Some say that a new year brings hope for a better tomorrow. I used to believe that
for the longest time, but as I get older I find that many of those beliefs just
don't follow through.
This year's weather around the holidays for instance has been really strange. Winter
is more like fall than what I can remember when I was a little younger, ha, ha.
Christmas was a time when the ground had a blanket of snow to be enjoyed with sleds
and toboggans, but that doesn't seem to be the case much anymore. All those changes
just makes me believe that climate change is more real than I can imagine.
I can honestly say that those choices to travel from coast to coast to coast to
see what Canada was really like is still embedded firmly in my imagination. I'm
forever grateful for those everlasting images of British Columbia's majestic old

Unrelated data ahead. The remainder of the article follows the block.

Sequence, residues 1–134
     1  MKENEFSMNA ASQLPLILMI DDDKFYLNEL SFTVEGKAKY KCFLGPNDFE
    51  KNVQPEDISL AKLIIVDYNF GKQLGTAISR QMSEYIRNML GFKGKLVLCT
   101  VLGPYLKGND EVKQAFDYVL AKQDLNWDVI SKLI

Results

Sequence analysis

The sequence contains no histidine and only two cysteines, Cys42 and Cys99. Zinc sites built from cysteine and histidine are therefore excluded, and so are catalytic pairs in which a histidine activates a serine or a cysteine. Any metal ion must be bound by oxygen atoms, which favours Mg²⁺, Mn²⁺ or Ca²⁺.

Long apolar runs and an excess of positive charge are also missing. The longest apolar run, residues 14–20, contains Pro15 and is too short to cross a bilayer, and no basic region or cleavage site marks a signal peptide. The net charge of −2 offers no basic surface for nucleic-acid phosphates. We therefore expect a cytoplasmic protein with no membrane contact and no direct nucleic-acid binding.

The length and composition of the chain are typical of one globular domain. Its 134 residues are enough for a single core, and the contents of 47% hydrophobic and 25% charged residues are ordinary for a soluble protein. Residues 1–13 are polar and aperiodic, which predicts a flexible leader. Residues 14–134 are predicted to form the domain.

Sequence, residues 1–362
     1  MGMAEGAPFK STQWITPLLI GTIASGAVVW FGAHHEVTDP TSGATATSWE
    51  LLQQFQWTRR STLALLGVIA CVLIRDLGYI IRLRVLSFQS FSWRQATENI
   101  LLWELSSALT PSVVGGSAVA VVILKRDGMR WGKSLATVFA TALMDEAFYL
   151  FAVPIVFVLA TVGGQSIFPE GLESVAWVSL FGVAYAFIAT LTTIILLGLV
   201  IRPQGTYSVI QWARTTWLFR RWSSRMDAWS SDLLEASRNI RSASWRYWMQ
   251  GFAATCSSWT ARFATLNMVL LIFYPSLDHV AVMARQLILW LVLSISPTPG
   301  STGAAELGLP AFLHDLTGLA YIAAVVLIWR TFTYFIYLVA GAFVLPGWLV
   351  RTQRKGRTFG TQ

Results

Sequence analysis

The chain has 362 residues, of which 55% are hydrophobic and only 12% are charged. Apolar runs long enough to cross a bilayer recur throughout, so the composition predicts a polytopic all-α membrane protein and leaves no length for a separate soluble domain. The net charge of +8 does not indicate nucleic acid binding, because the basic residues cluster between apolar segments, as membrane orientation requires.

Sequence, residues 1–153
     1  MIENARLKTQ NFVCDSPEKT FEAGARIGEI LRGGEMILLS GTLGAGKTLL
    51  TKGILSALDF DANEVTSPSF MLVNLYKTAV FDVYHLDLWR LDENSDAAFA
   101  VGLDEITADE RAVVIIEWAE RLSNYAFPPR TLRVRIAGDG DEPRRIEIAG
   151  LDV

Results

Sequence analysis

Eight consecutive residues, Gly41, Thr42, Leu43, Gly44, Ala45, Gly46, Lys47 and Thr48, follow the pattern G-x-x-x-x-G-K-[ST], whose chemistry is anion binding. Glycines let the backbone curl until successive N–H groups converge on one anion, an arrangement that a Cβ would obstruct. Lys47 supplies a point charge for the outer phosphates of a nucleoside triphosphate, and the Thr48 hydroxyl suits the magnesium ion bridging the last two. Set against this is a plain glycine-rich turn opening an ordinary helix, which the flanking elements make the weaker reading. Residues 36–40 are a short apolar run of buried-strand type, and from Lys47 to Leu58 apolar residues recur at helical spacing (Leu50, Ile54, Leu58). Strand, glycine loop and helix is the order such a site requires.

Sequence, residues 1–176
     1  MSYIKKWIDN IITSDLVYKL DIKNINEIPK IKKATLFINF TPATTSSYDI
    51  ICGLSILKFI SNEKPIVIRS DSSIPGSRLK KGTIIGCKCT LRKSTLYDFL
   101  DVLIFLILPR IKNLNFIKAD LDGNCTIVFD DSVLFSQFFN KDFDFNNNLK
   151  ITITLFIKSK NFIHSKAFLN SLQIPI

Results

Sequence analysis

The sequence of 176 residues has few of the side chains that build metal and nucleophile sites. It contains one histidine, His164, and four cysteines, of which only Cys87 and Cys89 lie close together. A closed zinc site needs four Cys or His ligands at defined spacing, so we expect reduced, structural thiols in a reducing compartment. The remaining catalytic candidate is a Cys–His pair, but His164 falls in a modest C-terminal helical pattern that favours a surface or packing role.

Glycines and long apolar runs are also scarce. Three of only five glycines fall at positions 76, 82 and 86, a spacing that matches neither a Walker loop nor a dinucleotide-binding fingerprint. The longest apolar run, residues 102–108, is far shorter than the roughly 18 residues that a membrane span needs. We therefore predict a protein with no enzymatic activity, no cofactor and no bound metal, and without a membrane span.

growth forests, coastline glaciers and whales, and best of all those incredible
Rockies. I could go on revealing my adventures, but excuse me, I'm sorry for rambling.
I came across the above picture the other day from December 25, 2004, that's from
fifteen years ago. Remember that old saying "A picture is worth a thousand words"
well I'm not that good but I'll give it a try.
It's obvious that the weather is cooler, with snow on the ground, floating ice in
Kettle Creek and that the picture was taken before the Port Stanley Harbour Divestiture.
A fast look at this picture seems to bring out an impression that the area is or
was successful because of the Timesaver 11 rig parked in the harbour for the winter,
an operating company called Omstead Foods with a parked semi-trailer for deliveries,
a rather large operating grain elevator facility, and a dome storage facility further
Today after fifteen years, a lot has changed when I take in the same field of view,
even the impression that one gets. There's no ice in the harbour, no Timesaver 11
rig, no grain elevator facility, no dome storage, no Transport Canada sign to block
your view, and plenty and I mean plenty of parking space.